The gilthead sea bream Sparus aurata is a species of great interest for aquaculture, and in the last few years its culture has increased in the Mediterranean. This study was carried out to elucidate the mechanisms underlying the immunological response of fish after handling and confinement, procedures commonly associated with fish transport, as well as to determine the putative protective role of an anaesthetic (tricaine methanosulphonate) during confinement. Handling produces changes not only in circulating blood cells but also in the immunological cell populations of the thymus, spleen and pronephros. A stronger response in immunological cells was obtained when handling was followed by confinement. Circulating white blood cells returned to normal approximately 48 h after the onset of stress, whereas immunological tissue cells recovered later. The presence of an anaesthetic partially prevented the circulatory response, suggesting that the immunological response was less and supporting therefore the belief that the anaesthetic plays a protective role. However, it worsened the effect of handling plus confinement on haematopoietic organs, indicating that examining immunological cells in circulation only can lead to a false conclusion. Our results suggest that fish are not completely recovered until at least 144 h (6 d) after handling and transport, when cellular recovery in immunological organs occurs.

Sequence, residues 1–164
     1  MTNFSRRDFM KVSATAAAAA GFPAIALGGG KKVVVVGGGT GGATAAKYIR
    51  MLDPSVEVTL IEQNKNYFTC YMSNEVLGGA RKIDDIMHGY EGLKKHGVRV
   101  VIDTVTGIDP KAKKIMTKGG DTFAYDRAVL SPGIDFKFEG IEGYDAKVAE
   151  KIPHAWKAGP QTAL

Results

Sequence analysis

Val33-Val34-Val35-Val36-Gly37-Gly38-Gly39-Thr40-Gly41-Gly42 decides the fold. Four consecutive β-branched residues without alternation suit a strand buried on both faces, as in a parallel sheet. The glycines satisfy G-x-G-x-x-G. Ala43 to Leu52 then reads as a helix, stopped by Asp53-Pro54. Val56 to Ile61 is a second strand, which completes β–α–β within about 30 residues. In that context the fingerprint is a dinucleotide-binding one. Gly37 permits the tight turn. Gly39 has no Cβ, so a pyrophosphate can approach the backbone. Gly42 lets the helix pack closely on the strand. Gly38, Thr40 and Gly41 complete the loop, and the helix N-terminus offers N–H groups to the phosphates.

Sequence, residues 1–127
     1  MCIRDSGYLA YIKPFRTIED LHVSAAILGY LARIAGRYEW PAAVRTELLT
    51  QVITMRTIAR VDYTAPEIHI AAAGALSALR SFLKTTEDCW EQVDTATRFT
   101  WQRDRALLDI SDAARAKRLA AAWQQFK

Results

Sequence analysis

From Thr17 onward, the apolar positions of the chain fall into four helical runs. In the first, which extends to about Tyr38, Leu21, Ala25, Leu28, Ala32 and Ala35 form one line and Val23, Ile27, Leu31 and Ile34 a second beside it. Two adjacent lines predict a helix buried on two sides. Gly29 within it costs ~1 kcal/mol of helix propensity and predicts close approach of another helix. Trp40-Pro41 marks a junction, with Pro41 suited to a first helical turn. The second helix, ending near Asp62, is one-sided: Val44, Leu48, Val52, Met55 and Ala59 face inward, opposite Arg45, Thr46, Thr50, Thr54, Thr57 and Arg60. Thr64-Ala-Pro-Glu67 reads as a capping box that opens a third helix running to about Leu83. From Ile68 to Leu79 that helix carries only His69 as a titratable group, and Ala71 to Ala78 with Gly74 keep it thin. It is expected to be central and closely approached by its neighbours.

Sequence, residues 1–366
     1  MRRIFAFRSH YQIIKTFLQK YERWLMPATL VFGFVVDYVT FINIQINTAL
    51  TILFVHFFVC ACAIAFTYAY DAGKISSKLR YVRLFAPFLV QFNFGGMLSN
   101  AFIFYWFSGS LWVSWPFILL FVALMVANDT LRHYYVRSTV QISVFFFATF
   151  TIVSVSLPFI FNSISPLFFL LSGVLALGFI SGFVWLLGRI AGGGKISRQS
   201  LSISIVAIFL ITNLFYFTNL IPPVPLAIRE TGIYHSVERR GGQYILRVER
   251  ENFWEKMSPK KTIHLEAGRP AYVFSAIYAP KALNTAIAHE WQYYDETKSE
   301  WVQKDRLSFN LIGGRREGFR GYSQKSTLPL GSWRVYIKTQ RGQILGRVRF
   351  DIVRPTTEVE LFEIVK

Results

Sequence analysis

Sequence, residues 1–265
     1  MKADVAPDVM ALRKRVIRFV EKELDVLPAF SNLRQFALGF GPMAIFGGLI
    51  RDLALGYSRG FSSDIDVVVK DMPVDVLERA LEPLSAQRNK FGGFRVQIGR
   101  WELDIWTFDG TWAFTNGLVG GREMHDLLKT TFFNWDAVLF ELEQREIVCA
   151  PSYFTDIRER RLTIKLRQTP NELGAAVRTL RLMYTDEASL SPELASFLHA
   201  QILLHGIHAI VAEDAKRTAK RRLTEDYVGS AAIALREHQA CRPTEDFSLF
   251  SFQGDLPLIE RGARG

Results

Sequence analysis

|Journal||Diseases of Aquatic Organisms|
|Publication status||Published - 1 Jan 1997|
- Anaesthetic (tricaine methanosulphonate)
- Gilthead sea bream